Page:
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Where's the Bottom for Bank of America Shares?

September 13, 2011 | About:

About the author:

John G. Alexander
John G. Alexander, CFA, is managing partner and portfolio manager for CastlePoint Investment Group where he achieved and sustained a record surpassing the S&P 500 eight of past nine years and 98% of all 36-month rolling, overlapping periods. John earned an M.B.A. degree from the Wharton School of the University of Pennsylvania and a B.S. degree from Indiana University. He co-authored "The Future of Value Investing" published by the Journal of Investing in 2000. Please visit the CastlePoint website (www.castlepoint-inv.com) for additional information.

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Rating: 3.4/5 (27 votes)

Comments

jonmonsea
Jonmonsea premium member - 2 years ago
You forgot the BAC chart for P/TBV. C appears 2x
jonmonsea
Jonmonsea premium member - 2 years ago
That said, it is fantastic to have articles of this quality on Gurufocus, and important to encourage more of the same
John G. Alexander
John G. Alexander - 2 years ago


adjusted

ranjitsudan
Ranjitsudan - 2 years ago
Good article. I think BAC exposure of 16B to PIGS should also be included in worst case scenario. That should reduce Tangible book value further.

There are other attributes in bank valuation which needs to adjusted in worst case such as level of reliance on short term funding, reduction in NIM due to higher funding cost etc.

BAC looks cheap not only from tangible book value basis but from earning power basis as well. Given they have 50% of their assets in low yield liquid assets; simply reallocating those assets to high yielding securities and loans should increase NIM and interest income dramatically.

John G. Alexander
John G. Alexander - 2 years ago


John G. Alexander
John G. Alexander - 2 years ago


[Note: Do not change the font of your comments or they will disappear; this happened to me twice. Thankfully, I saved a copy of my comments before posting this time.]

Jonmonsea, thank you for pointing out the missing BAC price-to-tangible equity chart (i.e., duplicate Citi charts). I've brought this to GuruFocus.com's attention and I hope the chart will be corrected shortly.

Most revelant pieces of information from the missing chart: The multiple reached a trough of 0.55x in February 2009, BAC presently trades at a 0.65x valuation and the high, low, average, and median price-to-tangible equity ratios, over the past decade are 4.38x, 0.55x, 2.96x, and 3.28, respectively.

Also, Bank of America shares traded at an average price-to-tangible equity multiple of 1.80x since the beginning of 2008 and 1.45x since January 2009. I point this out as it could be useful in establishing a base case intrinsic value estimate for BAC.

Note that these charts are for price-to-tangible equity, not adjusted tangible equity used in the above report. As a result, an apples-to-oranges issue is subtle, but present nonetheless, using the methodology above. However, I don't believe it undermines the analysis to any material extent. Most market participants, institutional and individuals alike, are either unaware of the FR Y-9C report or if they do, bother to read and analyze it (for BAC it was 56 pages in June).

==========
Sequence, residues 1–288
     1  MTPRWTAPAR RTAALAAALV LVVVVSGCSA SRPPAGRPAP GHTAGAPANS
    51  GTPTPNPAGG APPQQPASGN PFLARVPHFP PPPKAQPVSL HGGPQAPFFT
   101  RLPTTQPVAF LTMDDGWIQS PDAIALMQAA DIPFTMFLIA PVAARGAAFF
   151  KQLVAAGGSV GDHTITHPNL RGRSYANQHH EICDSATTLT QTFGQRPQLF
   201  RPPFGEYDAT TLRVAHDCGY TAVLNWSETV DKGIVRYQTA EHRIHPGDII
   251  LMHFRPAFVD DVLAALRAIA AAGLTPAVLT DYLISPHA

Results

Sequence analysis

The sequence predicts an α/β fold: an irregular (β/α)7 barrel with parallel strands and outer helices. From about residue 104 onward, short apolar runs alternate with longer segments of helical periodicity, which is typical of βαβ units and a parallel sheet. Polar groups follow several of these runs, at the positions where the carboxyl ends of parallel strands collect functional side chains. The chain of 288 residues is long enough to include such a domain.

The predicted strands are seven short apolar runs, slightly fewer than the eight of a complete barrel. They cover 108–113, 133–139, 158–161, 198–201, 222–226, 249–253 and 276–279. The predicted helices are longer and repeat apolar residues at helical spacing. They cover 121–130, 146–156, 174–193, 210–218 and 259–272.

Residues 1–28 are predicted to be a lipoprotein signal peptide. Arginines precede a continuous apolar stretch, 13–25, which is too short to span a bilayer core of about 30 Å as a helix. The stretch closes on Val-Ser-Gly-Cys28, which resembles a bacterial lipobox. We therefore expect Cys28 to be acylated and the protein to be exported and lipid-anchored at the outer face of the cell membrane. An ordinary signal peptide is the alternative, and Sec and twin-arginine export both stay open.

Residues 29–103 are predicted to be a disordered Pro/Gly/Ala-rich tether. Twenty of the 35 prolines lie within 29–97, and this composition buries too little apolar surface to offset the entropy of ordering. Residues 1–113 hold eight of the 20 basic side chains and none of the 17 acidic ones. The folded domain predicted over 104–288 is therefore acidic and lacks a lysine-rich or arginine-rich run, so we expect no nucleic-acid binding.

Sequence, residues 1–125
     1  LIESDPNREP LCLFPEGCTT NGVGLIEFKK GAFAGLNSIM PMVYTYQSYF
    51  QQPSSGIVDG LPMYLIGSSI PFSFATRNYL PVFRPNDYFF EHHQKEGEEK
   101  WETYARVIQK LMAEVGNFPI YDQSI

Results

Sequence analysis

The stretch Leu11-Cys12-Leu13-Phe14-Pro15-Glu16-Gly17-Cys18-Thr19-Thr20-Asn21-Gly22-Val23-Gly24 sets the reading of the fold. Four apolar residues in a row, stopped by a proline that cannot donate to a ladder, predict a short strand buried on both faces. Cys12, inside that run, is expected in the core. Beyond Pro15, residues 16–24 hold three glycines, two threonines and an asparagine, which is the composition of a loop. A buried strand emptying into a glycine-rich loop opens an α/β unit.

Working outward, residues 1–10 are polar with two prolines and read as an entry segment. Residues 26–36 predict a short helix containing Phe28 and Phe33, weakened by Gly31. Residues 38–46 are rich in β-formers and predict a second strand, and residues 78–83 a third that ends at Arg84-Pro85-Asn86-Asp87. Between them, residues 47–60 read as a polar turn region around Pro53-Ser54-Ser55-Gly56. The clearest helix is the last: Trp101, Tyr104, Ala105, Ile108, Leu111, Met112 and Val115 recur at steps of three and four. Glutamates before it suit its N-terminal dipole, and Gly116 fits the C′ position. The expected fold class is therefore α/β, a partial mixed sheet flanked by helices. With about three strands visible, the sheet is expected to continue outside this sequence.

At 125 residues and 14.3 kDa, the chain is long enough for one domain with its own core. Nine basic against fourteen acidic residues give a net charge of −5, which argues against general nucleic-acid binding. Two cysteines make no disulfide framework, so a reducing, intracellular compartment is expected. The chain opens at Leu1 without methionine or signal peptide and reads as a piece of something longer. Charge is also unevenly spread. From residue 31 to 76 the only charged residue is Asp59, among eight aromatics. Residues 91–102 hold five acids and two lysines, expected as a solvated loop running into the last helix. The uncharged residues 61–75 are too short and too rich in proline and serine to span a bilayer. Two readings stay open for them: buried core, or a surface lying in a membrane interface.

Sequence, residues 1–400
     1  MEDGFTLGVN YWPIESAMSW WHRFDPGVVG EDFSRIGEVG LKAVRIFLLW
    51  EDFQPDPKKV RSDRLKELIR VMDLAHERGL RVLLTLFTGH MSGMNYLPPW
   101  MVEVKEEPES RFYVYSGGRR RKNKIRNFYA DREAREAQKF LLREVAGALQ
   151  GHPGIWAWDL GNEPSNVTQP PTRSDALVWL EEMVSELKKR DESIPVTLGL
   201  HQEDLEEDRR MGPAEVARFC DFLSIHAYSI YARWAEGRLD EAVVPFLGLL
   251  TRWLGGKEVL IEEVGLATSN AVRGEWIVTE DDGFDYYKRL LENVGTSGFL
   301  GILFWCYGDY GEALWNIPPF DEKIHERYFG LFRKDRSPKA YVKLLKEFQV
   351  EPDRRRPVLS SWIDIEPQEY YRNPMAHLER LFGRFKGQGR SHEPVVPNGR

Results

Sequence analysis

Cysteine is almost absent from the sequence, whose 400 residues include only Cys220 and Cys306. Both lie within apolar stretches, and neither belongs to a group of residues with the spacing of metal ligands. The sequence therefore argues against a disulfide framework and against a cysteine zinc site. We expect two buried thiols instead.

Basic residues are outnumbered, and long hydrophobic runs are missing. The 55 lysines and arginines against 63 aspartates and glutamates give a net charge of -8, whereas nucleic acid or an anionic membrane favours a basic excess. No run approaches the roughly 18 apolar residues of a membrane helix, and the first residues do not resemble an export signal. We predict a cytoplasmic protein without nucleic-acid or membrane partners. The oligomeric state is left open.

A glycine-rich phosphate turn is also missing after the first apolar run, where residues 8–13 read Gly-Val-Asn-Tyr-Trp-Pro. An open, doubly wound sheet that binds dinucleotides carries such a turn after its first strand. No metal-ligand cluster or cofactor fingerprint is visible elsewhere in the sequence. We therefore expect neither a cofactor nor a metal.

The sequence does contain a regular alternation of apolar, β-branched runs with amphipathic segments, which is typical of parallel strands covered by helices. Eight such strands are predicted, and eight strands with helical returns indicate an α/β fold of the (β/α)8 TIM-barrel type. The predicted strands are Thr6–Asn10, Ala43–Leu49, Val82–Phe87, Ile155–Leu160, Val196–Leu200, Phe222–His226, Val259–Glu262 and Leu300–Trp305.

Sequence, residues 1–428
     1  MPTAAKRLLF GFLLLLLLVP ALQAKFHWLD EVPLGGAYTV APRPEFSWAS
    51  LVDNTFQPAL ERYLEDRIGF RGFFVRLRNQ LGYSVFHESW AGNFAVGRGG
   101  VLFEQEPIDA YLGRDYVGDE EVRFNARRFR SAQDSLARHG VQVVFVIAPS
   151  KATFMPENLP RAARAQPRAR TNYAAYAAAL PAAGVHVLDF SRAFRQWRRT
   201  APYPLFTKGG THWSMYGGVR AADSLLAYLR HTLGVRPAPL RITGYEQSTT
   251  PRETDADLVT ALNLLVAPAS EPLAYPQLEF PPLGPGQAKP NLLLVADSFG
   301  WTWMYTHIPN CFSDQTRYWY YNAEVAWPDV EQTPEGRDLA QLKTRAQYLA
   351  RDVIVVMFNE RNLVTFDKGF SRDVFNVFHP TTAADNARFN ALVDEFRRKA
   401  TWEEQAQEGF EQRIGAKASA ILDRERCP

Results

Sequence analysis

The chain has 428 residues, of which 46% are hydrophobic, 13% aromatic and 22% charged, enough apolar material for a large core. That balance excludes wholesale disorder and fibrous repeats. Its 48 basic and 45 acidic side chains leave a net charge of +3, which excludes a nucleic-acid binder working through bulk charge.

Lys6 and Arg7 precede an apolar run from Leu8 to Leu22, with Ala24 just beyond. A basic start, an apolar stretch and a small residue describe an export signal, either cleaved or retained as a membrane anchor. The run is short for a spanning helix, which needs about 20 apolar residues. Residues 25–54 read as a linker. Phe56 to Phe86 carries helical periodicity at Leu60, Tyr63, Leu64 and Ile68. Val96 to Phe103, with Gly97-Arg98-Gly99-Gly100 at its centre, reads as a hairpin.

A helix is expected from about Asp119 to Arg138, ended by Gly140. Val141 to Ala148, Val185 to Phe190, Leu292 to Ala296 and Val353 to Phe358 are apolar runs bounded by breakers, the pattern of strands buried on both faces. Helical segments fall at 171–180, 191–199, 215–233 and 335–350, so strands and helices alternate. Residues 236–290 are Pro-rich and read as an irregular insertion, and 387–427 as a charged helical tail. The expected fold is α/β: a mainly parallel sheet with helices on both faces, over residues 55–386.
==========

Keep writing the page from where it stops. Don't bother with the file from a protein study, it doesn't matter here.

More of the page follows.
Finally, I wanted to elaborate on a couple of the labels used in the Schedule HC-N table in the report. In the second and third rows of the table the labels end with "(less 75%)." When I hastily made formatting changes for submitting this report, I abbreviated the header too much (and screwed up the BAC price-to-tangible equity chart along with it).

As of June 30, 2011, the FR Y-9C showed $38.2 billion in loans on Bank of America's balance sheet that are 90 days or more past due and still accruing. Looking to line 11 of the Schedule HC-N, we find on line 11 $24.9 billion of this amount is "wholly or partially guaranteed by the U.S. government." Since the "guaranteed portion," found on line 11(a) of the schedule, is a meager $1.1 billion and "partially guaranteed" is ambiguous, I gave 75% credit for this amount. So we end up with $38.2B less 75% of $24.9B, which leads us to the $19.5B number found in the second row of the last column of the table.

As was well pointed out by Ranjitsudan, there are a number of other adjustments we could make to make the tangible book value equity number lower. However, my goal was to produce a worst case scenario that, in my opinion, had no more than a 10 to 15% probability of occurring.

superguru
Superguru - 2 years ago
Thanks, great article. I will consider BAC if it gets under $5.00 based on your $4.85 worst case. Probability is quite low but these once in century black swan events seem to happen quite regularly nowadays.
ranjitsudan
Ranjitsudan - 2 years ago
Thanks for mentioning federal reserve link. Its quite helpful - wondering why banks don't include these details in their qtr/annual statements to shareholders.

Other thing that we need to consider while estimating worst case scenario is share dilution. In above worst case scenario, if 19.2B worth of loans are written off, I am quite sure BAC will not meet Basel III requirement and has to raise capital by issuing common stock. We are looking at approx 3-4B additional shares.

ranjitsudan
Ranjitsudan - 2 years ago
John: I was reading FR 9-YC for BAC and comparing the numbers with financial statement released by BAC to shareholders for second qtr'11. YTD numbers for income and expenses are not reconciling. Do you know any particular reason of this? Underlying difference in net income is 600m but still interest income and non interest exp are way off.

Let me know if you find the same issue?

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